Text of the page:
DNA Sequencing identifies how your nucleotides – the building blocks of DNA – are ordered in your genetic code. The sequence is then digitised and can be used to analyse your genetic makeup in various ways. For example, it can be used for:
- Diagnosing genetic conditions
- Determining your genetic predisposition to diseases or traits
- Charting your genetic ancestry or finding living relatives
- Proving or disproving familial relationships
Although these analyses are traditionally undertaken using other methods (e.g. microarray technology, STR analysis), it is thought that DNA sequencing will become the preferred method as it continues to drop in price.
What can I do with my DNA Sequence?
There are several online tools available to help you analyse your DNA sequence for health purposes and genetic genealogy. These tools include:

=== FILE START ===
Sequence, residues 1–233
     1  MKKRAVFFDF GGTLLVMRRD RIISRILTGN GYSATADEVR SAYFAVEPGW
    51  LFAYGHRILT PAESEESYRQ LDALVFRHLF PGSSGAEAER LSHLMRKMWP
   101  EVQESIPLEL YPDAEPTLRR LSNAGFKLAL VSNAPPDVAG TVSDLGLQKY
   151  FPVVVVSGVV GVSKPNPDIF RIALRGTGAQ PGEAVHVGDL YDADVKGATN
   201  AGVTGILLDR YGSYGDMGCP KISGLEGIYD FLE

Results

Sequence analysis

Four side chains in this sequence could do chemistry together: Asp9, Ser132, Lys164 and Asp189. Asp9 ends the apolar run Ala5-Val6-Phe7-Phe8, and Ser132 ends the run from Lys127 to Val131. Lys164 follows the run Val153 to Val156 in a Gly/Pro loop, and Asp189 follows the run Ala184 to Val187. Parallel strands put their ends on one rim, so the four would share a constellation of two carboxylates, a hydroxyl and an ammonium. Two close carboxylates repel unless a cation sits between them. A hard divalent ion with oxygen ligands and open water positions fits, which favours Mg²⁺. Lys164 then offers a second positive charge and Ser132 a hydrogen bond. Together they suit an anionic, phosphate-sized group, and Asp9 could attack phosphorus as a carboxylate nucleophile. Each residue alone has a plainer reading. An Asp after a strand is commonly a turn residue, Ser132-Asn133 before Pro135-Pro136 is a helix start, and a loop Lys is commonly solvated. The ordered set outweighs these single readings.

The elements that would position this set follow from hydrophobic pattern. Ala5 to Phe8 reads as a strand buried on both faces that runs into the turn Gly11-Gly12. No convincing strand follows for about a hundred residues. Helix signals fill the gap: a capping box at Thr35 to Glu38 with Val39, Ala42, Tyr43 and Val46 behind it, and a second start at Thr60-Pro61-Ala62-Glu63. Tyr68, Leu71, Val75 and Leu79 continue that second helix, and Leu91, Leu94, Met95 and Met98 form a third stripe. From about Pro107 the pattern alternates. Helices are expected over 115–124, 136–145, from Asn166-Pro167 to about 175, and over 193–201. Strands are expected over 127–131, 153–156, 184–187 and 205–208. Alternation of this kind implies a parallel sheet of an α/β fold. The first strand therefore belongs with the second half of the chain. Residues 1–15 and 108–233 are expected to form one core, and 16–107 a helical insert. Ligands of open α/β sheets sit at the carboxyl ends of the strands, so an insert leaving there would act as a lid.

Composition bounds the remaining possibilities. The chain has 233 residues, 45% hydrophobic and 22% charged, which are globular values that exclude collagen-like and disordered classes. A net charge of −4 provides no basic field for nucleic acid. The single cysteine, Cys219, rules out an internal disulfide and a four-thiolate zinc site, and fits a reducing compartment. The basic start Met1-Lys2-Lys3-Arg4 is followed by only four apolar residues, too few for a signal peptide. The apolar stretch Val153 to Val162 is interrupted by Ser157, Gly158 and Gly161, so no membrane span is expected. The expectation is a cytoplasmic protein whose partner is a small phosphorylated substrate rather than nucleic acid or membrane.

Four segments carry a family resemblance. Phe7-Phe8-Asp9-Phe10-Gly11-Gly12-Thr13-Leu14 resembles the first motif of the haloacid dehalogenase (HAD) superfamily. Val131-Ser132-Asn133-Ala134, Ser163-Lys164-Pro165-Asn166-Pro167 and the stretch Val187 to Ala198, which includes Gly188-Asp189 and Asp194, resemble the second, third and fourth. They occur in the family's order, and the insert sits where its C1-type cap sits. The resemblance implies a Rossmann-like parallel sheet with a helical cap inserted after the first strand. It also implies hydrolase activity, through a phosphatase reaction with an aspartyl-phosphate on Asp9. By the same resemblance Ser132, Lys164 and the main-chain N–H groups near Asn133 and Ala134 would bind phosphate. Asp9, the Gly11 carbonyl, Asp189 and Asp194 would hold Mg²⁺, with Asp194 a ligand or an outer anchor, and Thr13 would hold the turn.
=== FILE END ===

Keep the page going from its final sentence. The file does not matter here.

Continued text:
What file format will my DNA Sequence come in?
The digital outputs of DNA sequencing are commonly BAM and VCF files, which are manipulated using certain pieces of software.
What else should I be aware of?
There are dozens of technical factors to consider when purchasing your DNA sequence, a few of these include:
Prices and run times may depend on the number of base pairs (a pair of nucleotides) read at a time, and whether those reads are single-end or paired-end.
This refers to the number of times each nucleotide is read during the sequencing process. 30-50x is commonly cited as the minimum coverage required for sequencing of acceptable accuracy.